President Donald Trump signed a revised travel ban executive order Monday that temporarily stops entry to the U.S. for people from six Muslim-majority countries seeking new visas.
- Trump signs executive order revising travel ban
- News ban excludes Iraq; starts on March 16 for 90 days
- DHS denies it is a 'Muslim ban'
- Travel ban signed in January was blocked by federal court
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The signing of the new executive order was done privately. The first executive order was challenged and then ultimately halted in a Washington State court.
The revised order spells out a 90-day ban on people from Sudan, Syria, Iran, Libya, Somalia and Yemen and does not apply to those who already have valid visas. It addresses concerns about the first travel ban while still protecting Americans, federal officials said.
Iraq is not included in the new travel ban. According to a senior Department of Homeland Security official, the government of Iraq told the Trump administration it is going to be able to provide enough information on its citizens in order for them to go through proper vetting.
The Trump administration says it will use that time to improve the vetting process.
“Today’s executive order which President Trump signed this morning will make America more secure," Homeland Security Secretary John Kelly said during a news conference about the new executive order.
A senior official of the Department of Homeland Security also said the president again signed this executive order to protect the nation from terrorism.
"This new ban does not include green card holders from those nations. And people from those countries that already had visas issued before Jan. 27 to come into the U.S. wouldn’t be affected. But the order does suspend for 120 days the entire refugee admission program," Kelly said.
“The State Department will implement the provisions in this order that allow for the admission of refugees when it is determined they do not pose a risk to the security or welfare of the United States,” Secretary of State Rex Tillerson said.
The initial executive order signed in January sparked nationwide protests and was ultimately blocked by a federal court. It also included Iraq, which angered Iraqis and prompted them to call for an order banning Americans from the country.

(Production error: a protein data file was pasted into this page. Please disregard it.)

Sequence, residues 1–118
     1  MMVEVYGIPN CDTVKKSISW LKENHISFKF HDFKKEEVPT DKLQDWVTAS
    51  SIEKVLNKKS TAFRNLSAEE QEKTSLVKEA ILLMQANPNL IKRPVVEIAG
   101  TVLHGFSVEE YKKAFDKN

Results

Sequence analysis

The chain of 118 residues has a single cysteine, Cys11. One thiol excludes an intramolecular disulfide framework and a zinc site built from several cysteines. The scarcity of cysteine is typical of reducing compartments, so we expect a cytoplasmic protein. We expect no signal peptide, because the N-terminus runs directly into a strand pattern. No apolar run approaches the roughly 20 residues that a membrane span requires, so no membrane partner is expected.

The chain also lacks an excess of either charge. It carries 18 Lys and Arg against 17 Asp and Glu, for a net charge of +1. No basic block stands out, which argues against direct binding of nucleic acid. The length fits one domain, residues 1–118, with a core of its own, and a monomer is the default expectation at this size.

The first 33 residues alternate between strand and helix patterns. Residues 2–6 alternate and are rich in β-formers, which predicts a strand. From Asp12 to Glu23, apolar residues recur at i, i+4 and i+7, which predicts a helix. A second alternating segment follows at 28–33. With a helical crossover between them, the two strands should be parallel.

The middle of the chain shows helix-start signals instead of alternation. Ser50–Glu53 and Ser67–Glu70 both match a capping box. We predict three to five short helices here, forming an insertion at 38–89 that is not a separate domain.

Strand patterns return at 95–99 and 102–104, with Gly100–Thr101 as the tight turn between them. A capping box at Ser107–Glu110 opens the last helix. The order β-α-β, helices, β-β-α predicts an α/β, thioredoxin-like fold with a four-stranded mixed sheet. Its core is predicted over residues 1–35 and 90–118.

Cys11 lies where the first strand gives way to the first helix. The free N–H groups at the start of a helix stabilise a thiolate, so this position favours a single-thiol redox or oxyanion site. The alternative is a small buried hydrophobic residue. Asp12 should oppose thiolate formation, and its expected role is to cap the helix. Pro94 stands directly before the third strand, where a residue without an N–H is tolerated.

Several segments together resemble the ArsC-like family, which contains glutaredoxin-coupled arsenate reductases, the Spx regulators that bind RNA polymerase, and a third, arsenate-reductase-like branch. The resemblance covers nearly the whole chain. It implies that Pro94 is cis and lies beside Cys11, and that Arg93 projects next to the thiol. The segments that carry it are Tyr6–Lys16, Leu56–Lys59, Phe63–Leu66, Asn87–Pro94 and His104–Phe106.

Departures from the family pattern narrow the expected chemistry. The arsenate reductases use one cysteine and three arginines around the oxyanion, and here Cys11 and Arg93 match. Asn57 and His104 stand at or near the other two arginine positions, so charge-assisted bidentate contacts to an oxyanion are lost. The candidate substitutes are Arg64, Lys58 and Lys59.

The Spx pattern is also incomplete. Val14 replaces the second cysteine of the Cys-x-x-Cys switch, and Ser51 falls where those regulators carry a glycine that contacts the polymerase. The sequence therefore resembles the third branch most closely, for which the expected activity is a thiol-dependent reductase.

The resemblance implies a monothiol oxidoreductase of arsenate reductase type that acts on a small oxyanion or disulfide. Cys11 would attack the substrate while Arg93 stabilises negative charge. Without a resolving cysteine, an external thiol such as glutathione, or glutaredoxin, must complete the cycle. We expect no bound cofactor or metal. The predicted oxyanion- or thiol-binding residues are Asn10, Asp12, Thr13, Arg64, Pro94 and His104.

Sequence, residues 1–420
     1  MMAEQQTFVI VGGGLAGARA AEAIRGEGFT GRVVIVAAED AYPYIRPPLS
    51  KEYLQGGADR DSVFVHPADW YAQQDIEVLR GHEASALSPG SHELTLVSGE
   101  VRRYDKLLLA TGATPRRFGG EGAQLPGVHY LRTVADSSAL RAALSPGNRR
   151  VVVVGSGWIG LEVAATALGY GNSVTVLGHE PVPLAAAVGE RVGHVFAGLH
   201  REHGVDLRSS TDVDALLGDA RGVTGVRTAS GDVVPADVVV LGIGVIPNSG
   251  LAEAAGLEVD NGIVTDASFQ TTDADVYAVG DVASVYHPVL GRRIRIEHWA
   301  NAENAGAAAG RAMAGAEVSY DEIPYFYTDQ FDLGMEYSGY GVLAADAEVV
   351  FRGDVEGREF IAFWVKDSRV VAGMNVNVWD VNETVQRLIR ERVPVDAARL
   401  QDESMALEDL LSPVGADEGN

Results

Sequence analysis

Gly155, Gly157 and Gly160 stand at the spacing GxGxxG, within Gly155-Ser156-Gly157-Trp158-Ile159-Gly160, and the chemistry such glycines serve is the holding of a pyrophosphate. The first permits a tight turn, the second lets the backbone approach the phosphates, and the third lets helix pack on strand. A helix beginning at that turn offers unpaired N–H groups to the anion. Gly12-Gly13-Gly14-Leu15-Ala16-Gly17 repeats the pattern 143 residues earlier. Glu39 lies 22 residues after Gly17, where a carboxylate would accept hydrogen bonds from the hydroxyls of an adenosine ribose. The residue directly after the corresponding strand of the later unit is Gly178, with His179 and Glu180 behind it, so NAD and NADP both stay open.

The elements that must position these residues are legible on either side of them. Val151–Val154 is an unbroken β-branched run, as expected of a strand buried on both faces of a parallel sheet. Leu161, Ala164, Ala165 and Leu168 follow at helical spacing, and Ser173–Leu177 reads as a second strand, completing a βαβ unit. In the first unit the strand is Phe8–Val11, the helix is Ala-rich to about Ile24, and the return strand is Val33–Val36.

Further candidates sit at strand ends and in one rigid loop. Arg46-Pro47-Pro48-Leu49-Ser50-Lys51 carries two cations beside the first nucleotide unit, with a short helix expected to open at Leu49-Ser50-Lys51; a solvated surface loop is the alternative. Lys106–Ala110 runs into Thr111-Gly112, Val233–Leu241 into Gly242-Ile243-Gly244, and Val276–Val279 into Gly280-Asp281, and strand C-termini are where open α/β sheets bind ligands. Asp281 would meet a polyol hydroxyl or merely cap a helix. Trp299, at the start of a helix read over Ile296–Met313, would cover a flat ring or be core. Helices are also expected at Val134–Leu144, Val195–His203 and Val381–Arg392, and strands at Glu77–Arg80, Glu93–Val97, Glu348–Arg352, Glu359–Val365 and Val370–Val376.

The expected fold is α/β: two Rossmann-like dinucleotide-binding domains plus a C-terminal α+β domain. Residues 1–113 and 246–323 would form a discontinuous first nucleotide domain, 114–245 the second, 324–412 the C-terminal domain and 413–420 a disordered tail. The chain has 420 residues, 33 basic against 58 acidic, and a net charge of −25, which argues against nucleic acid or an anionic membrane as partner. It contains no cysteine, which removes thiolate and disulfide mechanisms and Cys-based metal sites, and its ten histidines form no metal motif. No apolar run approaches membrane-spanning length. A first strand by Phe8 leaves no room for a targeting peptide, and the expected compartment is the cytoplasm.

“I fully expect that the president’s new executive order will have the same uphill climb in the courts that the previous version had,” Democratic minority leader Sen. Charles Schumer said.
This new order starts March 16 and will last 90 days.
The Department of Homeland Security said the White House maintains that the first executive order was on firm legal foundation, but it decided to go with a new one after the several legal challenges. A senior Department of Justice official said the agency is confident with the legality of this new executive order.
Homeland Security denies the order is a "Muslim ban" and says it's a temporary suspension from nationals that come from "failed states or states sponsors of terrorism" and because of that fact, the U.S. government does not have the procedures to vet them properly.
But groups advocating for Muslims in America don't see it that way.
"This ban is not about making America safe. It's about Trump giving in to some people full of hatred who don't like the Muslim community and he's trying to fulfill his promise of saying he will implement a Muslim ban," said Hassan Shibley with CAIR Florida.
Supporters said beefing up national security is one of the reason's people voted for President Trump and they're happy he's pushing the embargo forward.
"It should be of no surprise to anyone because he is doing exactly what he promised he would do," said Deborah Tamargo with Hillsborough County's Republican Party.
Opponents said the ban unfairly targets certain people and they said it won't necessarily improve security.
"You're stopping people who could add a lot to the country from coming in. I think if anything make legal immigration easier," said Kim Kastu.
Several groups are already planning to sue to stop the order.
Right now, it's scheduled to go into effect March 16.